Leonardo de la Caridad Padura Fuentes, aka Leonardo Padura (Havana, Cuba, 9th October 1955), is a Cuban novelist and journalist, known especially for his series of crime novels featuring the detective Mario Conde. Since 2011, he holds both Cuban and Spanish citizenship, the latter being granted to him by the Spanish Government via certificate of naturalization. He studied Latin American literature at the University of Havana and began his career in journalism in 1980 in the literary magazine El Caimán Barbudo and in the Juventud Rebelde newspaper.

After working for several years as a journalist, which helped him gain “the experience and life lessons he lacked”, as he has put it, he began the series of novels featuring the detective Mario Conde with Havana Blue (1991). In his crime novels, Padura makes a criticism of Cuban society, because, as he has said, “I learned from Hammett, Chandler, Vázquez Montalbán and Sciascia that it is possible [to write] a detective story which has a real feel for the pulse of the country, which denounces or touches on concrete, not just imaginary realities.” Mario Conde is a cop “laden with melancholy”, a disgruntled drinker with a messed-up life who would have liked to have been a writer. This series of novels by Padura has enjoyed major international success and has been translated into several languages, besides winning important literary awards. Mario Conde is “the way that I have found to interpret and reflect Cuban reality”, asserts Padura. In addition to the aforementioned book Havana Blue, to date the series comprises Havana Gold (1992), Havana Red (1995), Havana Black (1998), Adios, Hemingway (2001), Havana Fever (2003) and Herejes (2013). He achieved undisputed international success with his novel The Man Who Loved Dogs (2009), based on the life of León Trotsky’s murderer, Ramón Mercader. He has also written film scripts, short stories and essays, in addition to editions of his interviews and news articles.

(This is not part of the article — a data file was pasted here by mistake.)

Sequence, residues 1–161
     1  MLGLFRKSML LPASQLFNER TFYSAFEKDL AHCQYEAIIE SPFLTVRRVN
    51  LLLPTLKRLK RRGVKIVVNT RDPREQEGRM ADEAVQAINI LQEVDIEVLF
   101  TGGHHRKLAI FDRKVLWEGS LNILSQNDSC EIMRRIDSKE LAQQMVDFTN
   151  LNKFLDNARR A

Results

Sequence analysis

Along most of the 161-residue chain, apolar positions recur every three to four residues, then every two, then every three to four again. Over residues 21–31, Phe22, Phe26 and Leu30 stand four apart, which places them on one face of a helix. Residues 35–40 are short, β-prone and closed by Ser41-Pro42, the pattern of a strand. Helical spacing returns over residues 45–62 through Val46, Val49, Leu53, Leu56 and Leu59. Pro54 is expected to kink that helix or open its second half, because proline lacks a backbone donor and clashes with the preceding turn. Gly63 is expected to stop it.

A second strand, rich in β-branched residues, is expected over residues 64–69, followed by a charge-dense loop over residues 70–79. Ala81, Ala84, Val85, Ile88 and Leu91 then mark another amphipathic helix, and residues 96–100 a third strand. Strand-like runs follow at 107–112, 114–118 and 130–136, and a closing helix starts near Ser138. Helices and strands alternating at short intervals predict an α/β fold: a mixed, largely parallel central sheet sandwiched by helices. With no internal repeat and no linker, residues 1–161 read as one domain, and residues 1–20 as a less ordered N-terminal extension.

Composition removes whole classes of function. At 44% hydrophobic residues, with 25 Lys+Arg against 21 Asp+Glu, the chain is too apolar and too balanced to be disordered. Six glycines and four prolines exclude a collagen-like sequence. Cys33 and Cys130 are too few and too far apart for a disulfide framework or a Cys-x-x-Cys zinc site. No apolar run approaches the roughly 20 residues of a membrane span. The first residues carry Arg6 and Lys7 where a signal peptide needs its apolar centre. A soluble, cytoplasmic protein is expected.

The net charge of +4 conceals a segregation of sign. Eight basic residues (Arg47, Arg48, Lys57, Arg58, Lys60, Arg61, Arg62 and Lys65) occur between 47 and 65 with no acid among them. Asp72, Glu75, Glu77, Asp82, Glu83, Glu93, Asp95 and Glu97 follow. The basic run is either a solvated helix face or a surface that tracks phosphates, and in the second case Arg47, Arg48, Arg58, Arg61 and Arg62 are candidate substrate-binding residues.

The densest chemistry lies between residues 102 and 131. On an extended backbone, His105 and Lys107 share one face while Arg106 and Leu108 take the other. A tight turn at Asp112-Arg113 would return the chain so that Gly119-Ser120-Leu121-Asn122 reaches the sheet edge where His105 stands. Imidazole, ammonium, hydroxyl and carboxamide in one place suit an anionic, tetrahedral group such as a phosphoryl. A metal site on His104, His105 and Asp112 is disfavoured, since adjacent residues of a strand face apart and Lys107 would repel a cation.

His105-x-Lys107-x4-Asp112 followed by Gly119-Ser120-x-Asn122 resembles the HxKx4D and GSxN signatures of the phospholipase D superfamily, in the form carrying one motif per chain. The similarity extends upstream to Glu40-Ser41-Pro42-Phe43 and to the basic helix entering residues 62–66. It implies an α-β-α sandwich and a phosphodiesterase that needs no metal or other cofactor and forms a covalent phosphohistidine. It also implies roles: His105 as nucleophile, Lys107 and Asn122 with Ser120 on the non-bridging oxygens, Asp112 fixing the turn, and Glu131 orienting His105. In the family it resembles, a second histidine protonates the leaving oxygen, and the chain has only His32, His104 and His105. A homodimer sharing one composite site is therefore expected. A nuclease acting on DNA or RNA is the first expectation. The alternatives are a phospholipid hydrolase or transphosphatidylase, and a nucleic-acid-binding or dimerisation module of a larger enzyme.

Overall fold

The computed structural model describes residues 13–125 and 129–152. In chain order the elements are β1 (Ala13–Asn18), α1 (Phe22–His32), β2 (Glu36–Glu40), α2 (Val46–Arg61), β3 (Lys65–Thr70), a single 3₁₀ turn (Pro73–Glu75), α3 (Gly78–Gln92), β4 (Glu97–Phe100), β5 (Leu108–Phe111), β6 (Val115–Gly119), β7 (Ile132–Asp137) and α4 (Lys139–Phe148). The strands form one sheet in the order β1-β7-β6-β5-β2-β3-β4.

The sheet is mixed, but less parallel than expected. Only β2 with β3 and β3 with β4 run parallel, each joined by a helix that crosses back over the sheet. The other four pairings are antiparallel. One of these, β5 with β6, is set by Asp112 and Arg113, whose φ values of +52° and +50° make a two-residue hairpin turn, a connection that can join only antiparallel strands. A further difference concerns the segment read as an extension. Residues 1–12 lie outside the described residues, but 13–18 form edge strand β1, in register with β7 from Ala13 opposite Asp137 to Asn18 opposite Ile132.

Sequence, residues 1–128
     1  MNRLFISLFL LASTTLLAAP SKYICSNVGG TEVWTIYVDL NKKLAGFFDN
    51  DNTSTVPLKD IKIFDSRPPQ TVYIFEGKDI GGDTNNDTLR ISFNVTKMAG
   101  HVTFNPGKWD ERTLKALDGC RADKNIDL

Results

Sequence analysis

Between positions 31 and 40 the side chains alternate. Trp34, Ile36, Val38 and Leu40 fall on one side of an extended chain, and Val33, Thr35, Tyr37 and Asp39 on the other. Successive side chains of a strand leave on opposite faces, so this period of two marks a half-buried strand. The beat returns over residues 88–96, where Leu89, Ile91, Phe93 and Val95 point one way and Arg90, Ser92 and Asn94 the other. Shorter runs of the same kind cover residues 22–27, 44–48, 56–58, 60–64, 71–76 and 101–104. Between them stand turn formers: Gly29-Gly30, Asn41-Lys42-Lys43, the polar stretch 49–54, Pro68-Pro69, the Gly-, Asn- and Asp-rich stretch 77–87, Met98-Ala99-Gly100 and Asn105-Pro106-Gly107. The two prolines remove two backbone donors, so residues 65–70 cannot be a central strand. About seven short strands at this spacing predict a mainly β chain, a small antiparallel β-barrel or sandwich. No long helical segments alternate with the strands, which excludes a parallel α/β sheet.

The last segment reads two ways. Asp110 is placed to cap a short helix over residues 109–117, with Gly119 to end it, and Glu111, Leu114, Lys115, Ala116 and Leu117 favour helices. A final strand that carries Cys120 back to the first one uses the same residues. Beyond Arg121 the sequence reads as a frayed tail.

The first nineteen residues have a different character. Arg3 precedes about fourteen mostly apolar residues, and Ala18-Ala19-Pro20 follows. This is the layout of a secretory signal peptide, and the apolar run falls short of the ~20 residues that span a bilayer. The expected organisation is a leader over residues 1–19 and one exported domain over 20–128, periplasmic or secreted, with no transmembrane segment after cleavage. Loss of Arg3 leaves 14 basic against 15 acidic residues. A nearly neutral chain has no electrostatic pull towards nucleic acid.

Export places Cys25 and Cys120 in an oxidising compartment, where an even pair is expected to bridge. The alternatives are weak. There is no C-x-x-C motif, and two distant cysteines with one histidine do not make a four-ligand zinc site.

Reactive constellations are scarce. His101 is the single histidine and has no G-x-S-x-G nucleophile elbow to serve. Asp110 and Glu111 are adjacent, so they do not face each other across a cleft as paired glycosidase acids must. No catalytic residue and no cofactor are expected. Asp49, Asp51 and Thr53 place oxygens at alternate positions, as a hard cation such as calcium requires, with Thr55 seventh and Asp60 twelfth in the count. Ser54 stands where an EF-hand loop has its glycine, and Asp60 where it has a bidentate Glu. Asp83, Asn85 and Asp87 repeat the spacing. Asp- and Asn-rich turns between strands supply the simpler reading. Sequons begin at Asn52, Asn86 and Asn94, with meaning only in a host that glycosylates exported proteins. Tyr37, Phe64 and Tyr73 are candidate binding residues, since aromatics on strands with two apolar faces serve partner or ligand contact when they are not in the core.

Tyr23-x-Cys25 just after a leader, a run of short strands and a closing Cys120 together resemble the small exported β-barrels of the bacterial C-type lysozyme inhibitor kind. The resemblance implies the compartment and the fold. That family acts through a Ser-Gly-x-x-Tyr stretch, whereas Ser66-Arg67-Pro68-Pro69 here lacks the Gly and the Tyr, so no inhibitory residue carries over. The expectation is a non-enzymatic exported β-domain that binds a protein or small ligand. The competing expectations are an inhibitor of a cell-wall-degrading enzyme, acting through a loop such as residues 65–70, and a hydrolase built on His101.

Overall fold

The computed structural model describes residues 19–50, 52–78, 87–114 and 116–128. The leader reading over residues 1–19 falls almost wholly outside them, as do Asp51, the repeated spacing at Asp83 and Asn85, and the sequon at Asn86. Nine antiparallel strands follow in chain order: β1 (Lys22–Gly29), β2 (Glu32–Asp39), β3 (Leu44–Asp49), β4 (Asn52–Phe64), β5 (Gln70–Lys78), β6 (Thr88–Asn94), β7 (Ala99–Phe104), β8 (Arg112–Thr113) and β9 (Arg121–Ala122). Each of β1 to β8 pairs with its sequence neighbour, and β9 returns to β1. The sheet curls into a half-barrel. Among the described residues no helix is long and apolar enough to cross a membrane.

Among other awards, Padura has received the Café Gijón Prize (1995), the Hammett Prize on two occasions at Gijón’s Semana Negra or Noir Week (1998 and 2006), the Premio de las Islas (2000), the Prix des Amériques insulaires et de la Guyane, the Prize for the Best Crime Novel translated in Germany and in Austria (2004), the Raymond Chandler Prize (2009) and the Francesco Gelmi di Caporiacco Prize (2010) for The Man Who Loved Dogs. This book also earned him the Prix Initiales (2011), the Critics Award from the Cuban Institute of Books (2011) and the Carbet del Caribe Award (2011). Holder of the 2012 National Literature Prize of Cuba and 2014 City of Zaragoza International Prize for Historical Novels, he was awarded France’s Ordre des Arts et des Lettres in 2013.

Minutes of the jury

At its meeting in Oviedo, the Jury for the 2015 Princess of Asturias Award for Literature, composed of Xosé Ballesteros Rey, Xuan Bello Fernández, Blanca Berasátegui Garaizábal, José Manuel Blecua Perdices, Luis Alberto de Cuenca y Prado, José Luis García Martín, Berna González Harbour, Álex Grijelmo García, Beatriz de Moura, Rosa Navarro Durán, Carme Riera i Guilera, Fernando Rodríguez Lafuente, Fernando Sánchez Dragó, Ana Santos Aramburo, Sergio Vila-Sanjuán Robert, Juan Villoro Ruizchaired by Darío Villanueva Prieto and with José Luis García Delgado acting as secretary, has decided to confer the 2015 Princess of Asturias Award for Literature on Cuban writer Leonardo Padura.

He is a decidedly contemporary author rooted in tradition; an investigator of both what is considered cultured and what is considered popular; an independent intellectual, with a firm ethical temperament.

In Leonardo Padura’s vast body of work, which covers all genres of prose, one recourse that characterizes his literary resolve stands out: an interest in listening to people’s voices and the lost stories of others.

Via his fiction, Padura reveals the challenges and limits involved in the search for truth. An impeccable exploration of history and the ways of recounting it.

His work is a magnificent adventure of dialogue and freedom.

Oviedo, 10th June 2015